Running Spark as a job on a Grid Engine HPC Cluster (part 2)

UPDATED GUIDE: SparkFlex, aka running Spark jobs on a Grid Engine cluster, take II

So the next thing you need to do to get Spark running in Grid Engine is to set up your queue, job class, and your parallel environment.

Our environment is normally run with users requesting slots, which roughly correspond to one cpu and ~8GB of RAM per host. So our normal Sandy Bridge nodes have 16 slots, and our Haswell nodes have 32.

Spark is much easier to run if you give it the whole machine, of course (although I suspect you can limit the workers in various ways), but in our environment, part of the reason Spark is used is to load huge datasets (>1TB) into RAM. So it doesn’t make sense to allocate Spark workers (or the master) based on slot count.

Therefore, our queue for spark (called hadoop2 for historical reasons) is set up to have only 1 slot per node. We also have a complex called hadoop_exclusive which forces jobs (or tasks) to be scheduled to whole nodes.

>qconf -sq hadoop2
qname                 hadoop2
hostlist              @h02 @h03 @h04 @h05 @h06 @h07 @h08
seq_no                0
load_thresholds       np_load_avg=3
suspend_thresholds    NONE
nsuspend              1
suspend_interval      00:05:00
priority              0
min_cpu_interval      00:05:00
qtype                 INTERACTIVE
ckpt_list             NONE
pe_list               hadoop,spark,spark-rc,spark-test
jc_list               hadoop.default,spark.default, \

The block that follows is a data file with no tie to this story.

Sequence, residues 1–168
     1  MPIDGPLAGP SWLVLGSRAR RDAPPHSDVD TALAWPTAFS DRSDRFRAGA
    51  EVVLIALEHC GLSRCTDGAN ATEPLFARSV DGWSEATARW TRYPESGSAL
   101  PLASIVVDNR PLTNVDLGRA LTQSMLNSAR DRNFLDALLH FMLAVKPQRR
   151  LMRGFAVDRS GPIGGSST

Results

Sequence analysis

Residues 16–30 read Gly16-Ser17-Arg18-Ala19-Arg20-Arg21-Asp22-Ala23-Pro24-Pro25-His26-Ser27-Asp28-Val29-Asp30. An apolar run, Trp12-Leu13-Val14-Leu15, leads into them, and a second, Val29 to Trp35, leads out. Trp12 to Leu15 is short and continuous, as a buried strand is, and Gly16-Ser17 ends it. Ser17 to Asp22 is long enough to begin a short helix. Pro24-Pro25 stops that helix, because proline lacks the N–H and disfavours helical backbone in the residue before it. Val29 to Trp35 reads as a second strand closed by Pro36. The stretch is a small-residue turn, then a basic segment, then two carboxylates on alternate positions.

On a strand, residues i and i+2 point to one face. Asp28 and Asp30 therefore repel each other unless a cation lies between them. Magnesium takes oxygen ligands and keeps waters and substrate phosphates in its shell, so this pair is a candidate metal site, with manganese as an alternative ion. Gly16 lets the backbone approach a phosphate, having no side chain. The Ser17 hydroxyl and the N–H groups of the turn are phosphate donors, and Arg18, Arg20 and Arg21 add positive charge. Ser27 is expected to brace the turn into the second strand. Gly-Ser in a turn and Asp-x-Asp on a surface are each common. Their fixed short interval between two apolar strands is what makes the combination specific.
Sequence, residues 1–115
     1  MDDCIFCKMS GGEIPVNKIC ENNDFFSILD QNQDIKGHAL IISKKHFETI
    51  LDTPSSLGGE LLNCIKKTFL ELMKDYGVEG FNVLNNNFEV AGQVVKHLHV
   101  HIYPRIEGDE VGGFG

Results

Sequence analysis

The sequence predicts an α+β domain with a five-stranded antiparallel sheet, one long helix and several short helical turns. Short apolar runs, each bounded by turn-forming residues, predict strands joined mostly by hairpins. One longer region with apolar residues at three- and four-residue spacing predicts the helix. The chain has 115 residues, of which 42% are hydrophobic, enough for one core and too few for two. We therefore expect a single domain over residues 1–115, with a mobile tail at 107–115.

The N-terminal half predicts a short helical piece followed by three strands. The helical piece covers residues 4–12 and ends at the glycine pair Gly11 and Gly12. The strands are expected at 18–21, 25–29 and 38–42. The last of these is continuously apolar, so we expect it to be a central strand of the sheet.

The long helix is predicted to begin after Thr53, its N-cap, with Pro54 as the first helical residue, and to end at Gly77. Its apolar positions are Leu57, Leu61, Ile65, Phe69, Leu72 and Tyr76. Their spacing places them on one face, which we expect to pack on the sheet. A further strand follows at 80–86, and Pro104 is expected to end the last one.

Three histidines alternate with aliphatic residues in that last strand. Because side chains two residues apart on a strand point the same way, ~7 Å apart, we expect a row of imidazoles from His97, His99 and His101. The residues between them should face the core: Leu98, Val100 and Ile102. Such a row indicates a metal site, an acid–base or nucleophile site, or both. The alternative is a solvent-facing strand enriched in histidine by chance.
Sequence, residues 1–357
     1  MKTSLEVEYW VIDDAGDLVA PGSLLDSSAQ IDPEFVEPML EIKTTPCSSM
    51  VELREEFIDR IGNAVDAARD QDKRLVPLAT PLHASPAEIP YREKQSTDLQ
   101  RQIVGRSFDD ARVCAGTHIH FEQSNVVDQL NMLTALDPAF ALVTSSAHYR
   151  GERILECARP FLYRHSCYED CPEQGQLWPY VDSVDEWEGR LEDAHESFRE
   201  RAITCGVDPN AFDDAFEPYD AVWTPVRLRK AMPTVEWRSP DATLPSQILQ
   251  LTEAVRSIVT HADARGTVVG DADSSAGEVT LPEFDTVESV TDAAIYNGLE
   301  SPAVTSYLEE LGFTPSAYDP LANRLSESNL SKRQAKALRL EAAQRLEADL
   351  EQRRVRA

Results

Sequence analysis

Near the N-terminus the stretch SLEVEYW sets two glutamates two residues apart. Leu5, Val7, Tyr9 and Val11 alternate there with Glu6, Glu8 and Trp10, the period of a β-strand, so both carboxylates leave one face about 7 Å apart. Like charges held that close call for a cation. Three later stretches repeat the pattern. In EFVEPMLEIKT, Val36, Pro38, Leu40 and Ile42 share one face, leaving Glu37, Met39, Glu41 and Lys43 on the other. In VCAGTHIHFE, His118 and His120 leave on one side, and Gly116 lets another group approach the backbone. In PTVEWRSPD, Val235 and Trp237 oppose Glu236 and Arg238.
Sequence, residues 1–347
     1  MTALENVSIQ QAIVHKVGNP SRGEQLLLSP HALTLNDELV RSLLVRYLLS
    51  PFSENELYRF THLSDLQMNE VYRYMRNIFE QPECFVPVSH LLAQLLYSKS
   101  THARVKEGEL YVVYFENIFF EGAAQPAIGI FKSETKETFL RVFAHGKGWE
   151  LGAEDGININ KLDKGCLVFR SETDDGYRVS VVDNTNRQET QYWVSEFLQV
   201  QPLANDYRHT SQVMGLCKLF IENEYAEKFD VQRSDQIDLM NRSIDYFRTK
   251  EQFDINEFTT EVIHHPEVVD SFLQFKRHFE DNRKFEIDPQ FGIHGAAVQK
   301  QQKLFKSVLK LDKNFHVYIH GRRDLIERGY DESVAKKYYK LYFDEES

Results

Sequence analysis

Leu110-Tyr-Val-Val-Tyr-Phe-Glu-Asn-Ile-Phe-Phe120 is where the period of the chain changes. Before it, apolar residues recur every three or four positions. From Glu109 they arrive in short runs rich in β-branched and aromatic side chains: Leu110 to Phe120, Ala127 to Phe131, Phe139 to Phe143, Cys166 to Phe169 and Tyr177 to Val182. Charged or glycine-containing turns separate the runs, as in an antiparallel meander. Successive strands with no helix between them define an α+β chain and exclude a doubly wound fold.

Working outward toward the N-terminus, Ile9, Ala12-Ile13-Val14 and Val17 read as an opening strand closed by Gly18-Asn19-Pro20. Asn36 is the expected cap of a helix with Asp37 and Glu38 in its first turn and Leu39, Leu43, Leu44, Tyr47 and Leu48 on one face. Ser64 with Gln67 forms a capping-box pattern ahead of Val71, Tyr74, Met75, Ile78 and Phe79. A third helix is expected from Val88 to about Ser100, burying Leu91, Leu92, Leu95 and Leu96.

rerun                 FALSE
slots                 1
tmpdir                /tmp
shell                 /bin/sh
prolog                NONE
epilog                NONE
shell_start_mode      unix_behavior
starter_method        NONE
suspend_method        NONE
resume_method         NONE
terminate_method      NONE
notify                00:00:60
owner_list            NONE
user_lists            NONE
xuser_lists           NONE
subordinate_list      NONE
complex_values        NONE
projects              NONE
xprojects             NONE
calendar              NONE
initial_state         default
s_rt                  INFINITY
h_rt                  INFINITY
d_rt                  INFINITY
s_cpu                 INFINITY
h_cpu                 INFINITY
s_fsize               INFINITY
h_fsize               INFINITY
s_data                INFINITY
h_data                INFINITY
s_stack               INFINITY
h_stack               INFINITY
s_core                INFINITY
h_core                INFINITY
s_rss                 INFINITY
h_rss                 INFINITY
s_vmem                INFINITY
h_vmem                INFINITY

There doesn’t appear to be much here that’s non-default, other than the JC and PE lists. Note that you need to set up a separate pe and jc for every version of spark you’re using.

Here’s the PE setup:

>qconf -sp spark
pe_name                spark
slots                  99999
user_lists             NONE
xuser_lists            NONE
start_proc_args        /usr/local/uge-hadoop/
stop_proc_args         /usr/local/uge-hadoop/
allocation_rule        1